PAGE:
Do you crave new music by a singer-songwriter who’s in touch with his or her feelings, will attend to your innermost needs, and can soulfully articulate the nagging angst and anxiety we all feel in this era of media overload?
If so, then Eminem is not your man. As rubbery piano and thumpy scratching cook behind him, Eminem proudly tells us he smokes pot, likes to drink and drive, spits when he talks and ”f—[s] anything that walks,” and wants to grab Pamela Anderson’s chest. And he’s not sure what concerns him most: the fact that his mom isn’t well-endowed enough to breast-feed him, or that she does ”more dope than I do.” C+
All of that can be heard on just one track — the attention-grabbing single and video, ”My Name Is” — on The Slim Shady LP, Eminem’s new and much-buzzed-about album.
It was bound to happen, wasn’t it? What with Lauryn Hill and Erykah Badu leading the charge of hip-hip soul positivity, reformed reprobates the Beastie Boys singing the praises of adulthood and Tibetan boys in hoods, and a new generation of bands like OutKast and the Roots aiming to broaden rap’s musical and cranial focus, it was only a matter of time before someone applied the brakes to the new hip-hop consciousness. The Slim Shady LP is the backlash to that backlash, an impudent, say-what? collection of rhyming and reeling on which Eminem — ne Marshall Mathers, a cocky, 24-year-old white rapper from Detroit, signed to Dr. Dre’s slow-starting Aftermath label — gladly presents himself as rap’s latest clown prince.
There’s no question we need someone like Eminem. The current face of hip-hop is so sullen that it’s often hard to recall a time when rap could be deliciously funny — truly naughty by nature. The Slim Shady LP marks the return of irreverent, wiseass attitude to the genre, heard throughout the album in its nonstop barrage of crudely funny rhymes (”I get blunted offa funny homegrown, ‘cause when I smoke out, I hit the trees harder than Sonny Bono”). In ”Role Model,” he gleefully debunks the idea of rappers as heroes (”So if I said I never do drugs, that would mean I lie and get f —ed more than the President does”). In the album’s funniest slice of black humor, a smart-ass parody of Will Smith’s unctuous ”Just the Two of Us” called ”97’ Bonnie & Clyde,” Eminem and his baby daughter take a pleasant drive to a lake — into which he tosses the dead body of the child’s mother. Sending up the gooey sentiments and pop melody of the Smith hit, Eminem raps: ”Mama said she wants to show you how far she can float/And don’t worry about that little boo-boo on her throat.”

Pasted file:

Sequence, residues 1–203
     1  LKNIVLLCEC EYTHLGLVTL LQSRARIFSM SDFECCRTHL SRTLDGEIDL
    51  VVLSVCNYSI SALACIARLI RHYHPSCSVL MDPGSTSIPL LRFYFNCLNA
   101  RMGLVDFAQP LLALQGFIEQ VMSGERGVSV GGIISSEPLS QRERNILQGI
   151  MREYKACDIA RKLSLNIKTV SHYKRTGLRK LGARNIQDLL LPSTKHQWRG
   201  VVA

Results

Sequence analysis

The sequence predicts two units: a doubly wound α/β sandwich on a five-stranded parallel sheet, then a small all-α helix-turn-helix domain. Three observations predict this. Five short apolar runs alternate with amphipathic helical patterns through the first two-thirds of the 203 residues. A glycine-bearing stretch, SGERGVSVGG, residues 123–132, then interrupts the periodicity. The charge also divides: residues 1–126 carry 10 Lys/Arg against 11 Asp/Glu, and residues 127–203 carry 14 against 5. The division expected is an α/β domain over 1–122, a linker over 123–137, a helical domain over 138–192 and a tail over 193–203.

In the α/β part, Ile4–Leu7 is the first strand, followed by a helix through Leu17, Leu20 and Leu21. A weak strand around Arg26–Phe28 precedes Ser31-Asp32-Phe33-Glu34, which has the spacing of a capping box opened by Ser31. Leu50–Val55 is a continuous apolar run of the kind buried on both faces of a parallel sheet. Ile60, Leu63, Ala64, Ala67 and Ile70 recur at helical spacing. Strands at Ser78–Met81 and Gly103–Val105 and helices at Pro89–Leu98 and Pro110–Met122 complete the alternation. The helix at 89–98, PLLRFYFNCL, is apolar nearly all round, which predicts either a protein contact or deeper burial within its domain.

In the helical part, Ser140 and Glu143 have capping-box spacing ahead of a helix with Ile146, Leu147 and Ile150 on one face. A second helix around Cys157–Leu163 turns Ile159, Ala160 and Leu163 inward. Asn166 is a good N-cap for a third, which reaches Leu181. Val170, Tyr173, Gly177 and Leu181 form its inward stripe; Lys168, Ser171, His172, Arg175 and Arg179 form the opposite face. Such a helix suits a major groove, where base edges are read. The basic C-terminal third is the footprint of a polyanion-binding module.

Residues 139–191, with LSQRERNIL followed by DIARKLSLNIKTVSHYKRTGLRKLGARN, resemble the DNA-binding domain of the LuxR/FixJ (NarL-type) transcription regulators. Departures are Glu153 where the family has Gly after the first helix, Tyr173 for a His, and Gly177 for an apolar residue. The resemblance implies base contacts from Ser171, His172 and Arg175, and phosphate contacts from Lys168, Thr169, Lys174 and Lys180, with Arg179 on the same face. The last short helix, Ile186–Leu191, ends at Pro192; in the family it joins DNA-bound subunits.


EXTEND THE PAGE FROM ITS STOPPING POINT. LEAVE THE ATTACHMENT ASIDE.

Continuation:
But as much as he brazenly yanks your funny bone, Eminem is also intent on crossing the wide line between humor and horror. With Dre providing a backdrop of predominantly spare rhythm tracks and occasional juicy melodies — skeletal versions of the G funk he pioneered earlier this decade — Eminem plays the role of the debauched character Slim Shady, rapping in a singsongy whine that makes his rhymes sometimes seem less insidious than they are. That coldly-calculated-to-offend alter ego considers date rape (”Guilty”), wants to ”turn the planet into alcoholics” (”If I Had”), admits to a preference for acid and cocaine (”Just Don’t”), and, in ”My Fault,” isn’t overly concerned when a gal pal overdoses on drugs at a rave (”Quit trying to swallow your tongue/Want some gum?”). Even pop fans deadened to graphic lyrics are likely to flinch at a beyond-tasteless line like ”My favorite color is red/Like the blood shed on Kurt Cobain’s head/When he shot himself dead.” (Next on Celebrity Death Match: Eminem vs. Courtney Love!)
For all its unapologetic outrageousness and old-school yuks, The Slim Shady LP isn’t merely a reaction to the post-gangsta era of hip-hop (or the antimacho, almost asexual world of alt-rock). It may also mark the ascension in pop of the same knuckleheaded, millennial-caveman mentality that’s bum-rushing the culture at large, from drooling men’s magazines to bombastic wrestling telecasts to teen movies that increasingly recall the we-so-horny subtlety of the Porky’s oeuvre. The Slim Shady LP is music to crank between salivating over issues of Maxim and cheering on the Undertaker on WCW Raw. It’s slick, savvy, and boorish — the owner of an ornery heart. C+